The Fiddler in the Subway
The True Story of What Happened When A World-class Violinist Played for Handouts-- and Other Virtuoso Performances by America's Foremost Feature WriterBook - 2010
A collection of essays by the nationally syndicated humor columnist includes the Pulitzer Prize-winning piece, "Pearls Before Breakfast," about a social experiment for which unrecognized world-class violinist Joshua Bell performed in a Washington, D.C. subway station for spare change. Original.
GENE WEINGARTEN IS THE O. HENRY OF AMERICAN JOURNALISM
Simply the best storyteller around, Weingarten describes the world as you think it is before revealing how it actually is—in narratives that are by turns hilarious, heartwarming, and provocative, but always memorable.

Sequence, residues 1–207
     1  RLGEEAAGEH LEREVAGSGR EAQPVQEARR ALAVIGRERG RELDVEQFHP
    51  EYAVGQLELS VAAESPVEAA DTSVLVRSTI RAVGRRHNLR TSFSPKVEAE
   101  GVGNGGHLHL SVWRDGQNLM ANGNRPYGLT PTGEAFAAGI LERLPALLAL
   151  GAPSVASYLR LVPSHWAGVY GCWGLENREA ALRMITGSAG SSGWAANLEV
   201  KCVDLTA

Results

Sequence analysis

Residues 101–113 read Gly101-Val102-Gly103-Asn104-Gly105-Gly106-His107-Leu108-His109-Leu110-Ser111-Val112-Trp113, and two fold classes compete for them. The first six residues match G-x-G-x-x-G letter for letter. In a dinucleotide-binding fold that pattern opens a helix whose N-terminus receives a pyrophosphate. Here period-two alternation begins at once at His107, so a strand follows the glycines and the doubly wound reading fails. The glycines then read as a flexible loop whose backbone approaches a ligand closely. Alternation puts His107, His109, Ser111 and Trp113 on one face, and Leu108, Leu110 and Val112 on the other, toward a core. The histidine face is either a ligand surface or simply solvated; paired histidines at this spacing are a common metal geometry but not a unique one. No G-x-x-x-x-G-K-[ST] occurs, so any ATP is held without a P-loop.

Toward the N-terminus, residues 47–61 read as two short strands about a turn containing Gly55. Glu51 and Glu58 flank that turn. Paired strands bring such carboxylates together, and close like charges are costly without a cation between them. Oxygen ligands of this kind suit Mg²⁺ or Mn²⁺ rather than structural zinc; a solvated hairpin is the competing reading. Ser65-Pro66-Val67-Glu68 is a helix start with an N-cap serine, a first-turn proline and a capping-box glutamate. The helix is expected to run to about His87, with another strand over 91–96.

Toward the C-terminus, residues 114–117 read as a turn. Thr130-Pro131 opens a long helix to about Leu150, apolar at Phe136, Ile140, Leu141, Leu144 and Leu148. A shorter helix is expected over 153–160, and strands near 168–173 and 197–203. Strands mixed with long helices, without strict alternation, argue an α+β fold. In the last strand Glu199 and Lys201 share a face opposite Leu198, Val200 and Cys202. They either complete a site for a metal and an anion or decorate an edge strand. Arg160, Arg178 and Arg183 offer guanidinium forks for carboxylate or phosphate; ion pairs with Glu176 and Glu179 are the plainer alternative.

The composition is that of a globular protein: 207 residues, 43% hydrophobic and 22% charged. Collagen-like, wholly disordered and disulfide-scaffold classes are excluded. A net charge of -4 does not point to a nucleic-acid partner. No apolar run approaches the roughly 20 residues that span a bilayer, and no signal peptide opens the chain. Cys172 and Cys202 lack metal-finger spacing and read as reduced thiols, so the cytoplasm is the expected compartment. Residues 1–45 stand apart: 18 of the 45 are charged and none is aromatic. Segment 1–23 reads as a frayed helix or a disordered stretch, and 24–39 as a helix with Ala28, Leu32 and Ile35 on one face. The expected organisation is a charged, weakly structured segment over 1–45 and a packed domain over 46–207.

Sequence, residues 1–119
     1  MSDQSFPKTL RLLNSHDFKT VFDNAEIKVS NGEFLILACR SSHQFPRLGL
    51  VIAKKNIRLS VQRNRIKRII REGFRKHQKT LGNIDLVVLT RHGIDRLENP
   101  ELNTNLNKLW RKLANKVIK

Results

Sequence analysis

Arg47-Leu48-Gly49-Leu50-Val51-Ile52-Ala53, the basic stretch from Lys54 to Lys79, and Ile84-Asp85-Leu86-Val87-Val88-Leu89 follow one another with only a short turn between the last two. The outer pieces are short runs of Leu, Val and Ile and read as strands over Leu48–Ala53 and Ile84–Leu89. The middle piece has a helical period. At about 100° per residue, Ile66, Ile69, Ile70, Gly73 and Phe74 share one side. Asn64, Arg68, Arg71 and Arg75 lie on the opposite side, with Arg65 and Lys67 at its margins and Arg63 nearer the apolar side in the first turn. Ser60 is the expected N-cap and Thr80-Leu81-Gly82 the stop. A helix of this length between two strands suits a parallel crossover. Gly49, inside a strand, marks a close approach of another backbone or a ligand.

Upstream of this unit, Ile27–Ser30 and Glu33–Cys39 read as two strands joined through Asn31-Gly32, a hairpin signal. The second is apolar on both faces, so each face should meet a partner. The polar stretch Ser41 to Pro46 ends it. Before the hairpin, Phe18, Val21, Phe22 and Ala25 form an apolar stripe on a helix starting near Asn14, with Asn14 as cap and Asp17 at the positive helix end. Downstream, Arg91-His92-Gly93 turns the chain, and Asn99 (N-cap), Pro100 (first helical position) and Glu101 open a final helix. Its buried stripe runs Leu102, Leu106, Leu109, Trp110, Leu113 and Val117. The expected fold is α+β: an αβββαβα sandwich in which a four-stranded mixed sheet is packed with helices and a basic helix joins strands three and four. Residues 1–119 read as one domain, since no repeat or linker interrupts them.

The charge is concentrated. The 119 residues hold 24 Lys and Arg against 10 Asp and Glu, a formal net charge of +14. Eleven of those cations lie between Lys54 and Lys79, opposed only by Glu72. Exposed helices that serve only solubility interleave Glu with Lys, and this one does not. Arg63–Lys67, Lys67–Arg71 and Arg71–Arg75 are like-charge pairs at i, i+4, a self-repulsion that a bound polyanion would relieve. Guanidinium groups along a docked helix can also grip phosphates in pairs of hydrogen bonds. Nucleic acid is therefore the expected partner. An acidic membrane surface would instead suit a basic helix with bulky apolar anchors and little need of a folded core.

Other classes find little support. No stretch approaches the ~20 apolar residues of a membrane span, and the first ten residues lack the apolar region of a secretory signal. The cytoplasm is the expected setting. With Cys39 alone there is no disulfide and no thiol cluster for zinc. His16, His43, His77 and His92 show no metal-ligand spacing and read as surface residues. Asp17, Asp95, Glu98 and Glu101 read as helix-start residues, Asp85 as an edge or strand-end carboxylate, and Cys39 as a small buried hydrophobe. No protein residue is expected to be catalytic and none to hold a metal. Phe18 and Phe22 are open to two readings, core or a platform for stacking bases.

Millions of people know the title piece about violinist Joshua Bell, which originally began as a stunt: What would happen if you put a world-class musician outside a Washington, D.C., subway station to play for spare change? Would anyone even notice? The answer was no. Weingarten’s story went viral, becoming a widely referenced lesson about life lived too quickly. Other classic stories—the one about “The Great Zucchini,” a wildly popular but personally flawed children’s entertainer; the search for the official “Armpit of America”; a profile of the typical American nonvoter—all of them reveal as much about their readers as they do their subjects.
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One biographically intriguing fact about Bell is that he got his first music lessons when he was a four-year-old in Bloomington, Indiana. His parents, both psychologists, decided formal training might be a good idea after they saw that their son had strung rubber bands across his dresser drawers and was replicating classical tunes by ear, plucking the strings and moving the drawers in and out to vary the pitch.
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